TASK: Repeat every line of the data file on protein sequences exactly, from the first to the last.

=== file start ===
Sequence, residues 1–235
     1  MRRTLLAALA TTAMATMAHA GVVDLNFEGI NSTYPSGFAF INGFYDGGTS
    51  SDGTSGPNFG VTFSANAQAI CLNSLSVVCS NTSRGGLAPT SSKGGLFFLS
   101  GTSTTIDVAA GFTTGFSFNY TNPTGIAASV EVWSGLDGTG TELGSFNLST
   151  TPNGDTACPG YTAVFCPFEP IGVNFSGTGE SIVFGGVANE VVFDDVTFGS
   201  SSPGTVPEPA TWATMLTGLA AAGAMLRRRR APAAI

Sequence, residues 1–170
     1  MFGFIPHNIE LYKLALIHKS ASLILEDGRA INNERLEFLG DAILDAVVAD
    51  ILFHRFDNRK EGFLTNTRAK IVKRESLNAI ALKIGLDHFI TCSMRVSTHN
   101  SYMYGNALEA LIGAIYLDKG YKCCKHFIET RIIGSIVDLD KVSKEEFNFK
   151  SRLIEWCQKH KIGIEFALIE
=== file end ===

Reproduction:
Sequence, residues 1–235
     1  MRRTLLAALA TTAMATMAHA GVVDLNFEGI NSTYPSGFAF INGFYDGGTS
    51  SDGTSGPNFG VTFSANAQAI CLNSLSVVCS NTSRGGLAPT SSKGGLFFLS
   101  GTSTTIDVAA GFTTGFSFNY TNPTGIAASV EVWSGLDGTG TELGSFNLST
   151  TPNGDTACPG YTAVFCPFEP IGVNFSGTGE SIVFGGVANE VVFDDVTFGS
   201  SSPGTVPEPA TWATMLTGLA AAGAMLRRRR APAAI

Sequence, residues 1–170
     1  MFGFIPHNIE LYKLALIHKS ASLILEDGRA INNERLEFLG DAILDAVVAD
    51  ILFHRFDNRK EGFLTNTRAK IVKRESLNAI ALKIGLDHFI TCSMRVSTHN
   101  SYMYGNALEA LIGAIYLDKG YKCCKHFIET RIIGSIVDLD KVSKEEFNFK
   151  SRLIEWCQKH KIGIEFALIE